'(i) to acquire and take over as a going concern a business, carried on elsewhere, under the style of K. & Co.; (ii) to carry on the business of general engineering.'
23. The business of K. & Company was sold and it was contended that as the substratum of the company had failed, it was just and equitable to wind it up. On a proper construction of the memorandum of association, it was held that the main and paramount object of the company was to carry on an engineering business of a general nature and the disposal of the business of K. & Company did not amount to a destruction of the substratum of the appellant-company.
24. In Pothen v. Hindustan Trading Corporation (P.) Ltd.  37 Comp Cas 266 (Ker), it was held that even where the sole undertaking of a company had been actually sold, it could not be said that its substratum had disappeared so long as there was some other business which it could carry on, coming within the objects stated in its memorandum.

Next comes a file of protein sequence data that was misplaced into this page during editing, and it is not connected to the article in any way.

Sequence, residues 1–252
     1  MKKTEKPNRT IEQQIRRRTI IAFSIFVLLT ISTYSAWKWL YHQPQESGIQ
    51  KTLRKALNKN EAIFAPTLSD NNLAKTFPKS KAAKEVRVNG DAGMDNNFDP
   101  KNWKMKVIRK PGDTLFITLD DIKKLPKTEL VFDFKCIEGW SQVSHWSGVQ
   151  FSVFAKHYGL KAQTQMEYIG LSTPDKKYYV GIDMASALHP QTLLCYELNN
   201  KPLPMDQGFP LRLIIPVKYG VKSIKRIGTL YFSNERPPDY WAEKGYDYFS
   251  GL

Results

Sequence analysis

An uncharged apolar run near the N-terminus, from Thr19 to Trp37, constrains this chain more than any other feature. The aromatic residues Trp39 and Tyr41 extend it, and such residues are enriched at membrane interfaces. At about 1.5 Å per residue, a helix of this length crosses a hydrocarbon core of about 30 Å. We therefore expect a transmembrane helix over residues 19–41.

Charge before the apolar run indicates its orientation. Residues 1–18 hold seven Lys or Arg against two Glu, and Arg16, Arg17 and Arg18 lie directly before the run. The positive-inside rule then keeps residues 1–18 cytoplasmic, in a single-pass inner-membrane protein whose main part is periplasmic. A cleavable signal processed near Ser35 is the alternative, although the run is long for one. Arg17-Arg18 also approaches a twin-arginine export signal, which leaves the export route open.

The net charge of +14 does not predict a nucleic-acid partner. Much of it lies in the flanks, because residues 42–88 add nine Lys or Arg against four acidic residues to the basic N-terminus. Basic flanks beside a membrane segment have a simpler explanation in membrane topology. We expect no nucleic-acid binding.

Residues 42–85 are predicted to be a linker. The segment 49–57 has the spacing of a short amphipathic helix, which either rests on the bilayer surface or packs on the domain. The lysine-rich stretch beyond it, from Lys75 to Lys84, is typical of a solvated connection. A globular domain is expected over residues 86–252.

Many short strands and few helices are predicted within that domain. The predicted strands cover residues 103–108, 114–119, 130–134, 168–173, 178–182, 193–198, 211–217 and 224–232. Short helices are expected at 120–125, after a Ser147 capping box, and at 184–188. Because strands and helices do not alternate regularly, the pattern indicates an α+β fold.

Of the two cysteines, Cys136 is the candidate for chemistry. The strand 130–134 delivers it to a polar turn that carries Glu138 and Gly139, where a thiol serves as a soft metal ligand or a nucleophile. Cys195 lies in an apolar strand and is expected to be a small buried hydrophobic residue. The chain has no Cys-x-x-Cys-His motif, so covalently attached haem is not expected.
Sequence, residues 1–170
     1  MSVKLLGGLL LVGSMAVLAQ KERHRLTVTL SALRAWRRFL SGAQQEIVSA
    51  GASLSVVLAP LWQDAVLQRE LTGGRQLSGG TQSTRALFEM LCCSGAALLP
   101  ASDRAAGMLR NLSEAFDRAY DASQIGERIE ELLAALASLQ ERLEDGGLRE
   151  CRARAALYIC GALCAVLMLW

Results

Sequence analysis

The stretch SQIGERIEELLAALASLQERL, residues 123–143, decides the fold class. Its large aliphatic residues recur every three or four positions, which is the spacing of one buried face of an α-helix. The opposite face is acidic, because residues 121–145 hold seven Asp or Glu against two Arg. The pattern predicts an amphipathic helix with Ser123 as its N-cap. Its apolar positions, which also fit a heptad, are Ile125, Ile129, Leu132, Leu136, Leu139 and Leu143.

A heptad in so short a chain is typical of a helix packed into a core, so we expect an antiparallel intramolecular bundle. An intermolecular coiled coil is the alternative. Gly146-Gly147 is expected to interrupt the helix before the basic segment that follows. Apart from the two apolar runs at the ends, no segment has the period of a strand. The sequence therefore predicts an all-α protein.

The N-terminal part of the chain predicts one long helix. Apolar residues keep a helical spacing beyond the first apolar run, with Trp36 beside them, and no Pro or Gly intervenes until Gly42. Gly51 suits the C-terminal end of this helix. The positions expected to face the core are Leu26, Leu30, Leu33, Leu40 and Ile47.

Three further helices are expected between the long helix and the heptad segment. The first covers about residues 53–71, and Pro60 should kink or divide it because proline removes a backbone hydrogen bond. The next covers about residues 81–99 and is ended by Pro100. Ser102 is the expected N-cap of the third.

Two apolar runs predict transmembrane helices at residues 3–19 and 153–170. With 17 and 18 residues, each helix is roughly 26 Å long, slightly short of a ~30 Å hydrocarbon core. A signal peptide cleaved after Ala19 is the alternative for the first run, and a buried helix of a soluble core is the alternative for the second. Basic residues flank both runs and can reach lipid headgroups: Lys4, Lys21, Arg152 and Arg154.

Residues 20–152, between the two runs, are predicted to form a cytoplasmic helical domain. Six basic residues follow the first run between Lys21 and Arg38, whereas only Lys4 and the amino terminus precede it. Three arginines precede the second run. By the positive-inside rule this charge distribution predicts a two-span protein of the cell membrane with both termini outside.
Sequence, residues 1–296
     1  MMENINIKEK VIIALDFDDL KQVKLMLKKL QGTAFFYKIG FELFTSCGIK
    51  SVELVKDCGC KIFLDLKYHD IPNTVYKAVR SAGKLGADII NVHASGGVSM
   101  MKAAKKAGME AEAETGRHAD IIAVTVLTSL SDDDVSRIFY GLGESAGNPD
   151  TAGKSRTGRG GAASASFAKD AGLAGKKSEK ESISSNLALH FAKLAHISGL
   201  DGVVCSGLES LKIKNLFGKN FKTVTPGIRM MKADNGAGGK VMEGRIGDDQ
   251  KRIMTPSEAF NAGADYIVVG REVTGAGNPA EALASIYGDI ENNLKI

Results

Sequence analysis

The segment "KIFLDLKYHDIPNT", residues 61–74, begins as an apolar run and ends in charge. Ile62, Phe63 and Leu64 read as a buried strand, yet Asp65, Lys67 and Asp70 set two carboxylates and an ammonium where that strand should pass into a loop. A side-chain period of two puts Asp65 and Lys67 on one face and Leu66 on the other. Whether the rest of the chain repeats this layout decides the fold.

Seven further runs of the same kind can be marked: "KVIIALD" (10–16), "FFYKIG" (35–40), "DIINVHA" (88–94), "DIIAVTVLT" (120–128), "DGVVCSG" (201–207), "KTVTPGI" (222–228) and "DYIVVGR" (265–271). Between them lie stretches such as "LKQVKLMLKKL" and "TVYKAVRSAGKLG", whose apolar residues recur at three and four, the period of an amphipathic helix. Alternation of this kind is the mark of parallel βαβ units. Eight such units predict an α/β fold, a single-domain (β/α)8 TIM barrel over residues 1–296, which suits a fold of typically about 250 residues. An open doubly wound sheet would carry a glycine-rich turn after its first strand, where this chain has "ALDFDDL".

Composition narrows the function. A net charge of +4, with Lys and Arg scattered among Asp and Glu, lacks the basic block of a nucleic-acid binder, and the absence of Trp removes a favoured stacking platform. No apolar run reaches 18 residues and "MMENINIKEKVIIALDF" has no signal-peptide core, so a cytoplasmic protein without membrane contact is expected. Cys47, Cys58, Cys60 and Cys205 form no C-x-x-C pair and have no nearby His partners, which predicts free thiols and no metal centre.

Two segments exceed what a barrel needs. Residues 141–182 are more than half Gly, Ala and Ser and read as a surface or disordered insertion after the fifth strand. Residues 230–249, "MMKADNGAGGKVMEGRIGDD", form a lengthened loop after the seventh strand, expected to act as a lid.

25. In Akola Electric Supply Company (P.) Ltd., In re  32 Comp Cas 215 (Bom), it was stated that the objects for which the company was established were to carry on the business and undertaking of an electric energy supply company in all its branches and departments including all industries primary or subsidiary to the said business and to work with the previous consent of the Government of the Central Provinces, the Akola Electric Licence granted by the Government of the Central Provinces and any other like electric licence which the company might be entitled to work thereafter and to carry on any other business (whether manufacturing or otherwise) which might seem to the company capable of being conveniently carried on in connection with the aforesaid business. It was also stated that without prejudice to the generality of the preceding objects, the company's objects would include the following, and twelve objects were included in this category. Since its incorporation the company was carrying on only the business of supplying electricity to the residents of Akola. On the termination of this licence the State Electricity Board took up this work. It was held on the construction of the objects clause of the memorandum that the working of the Akola electric licence was not the main or principal object of the company, and that the main or principal object was to carry on the business and undertaking of electric supply.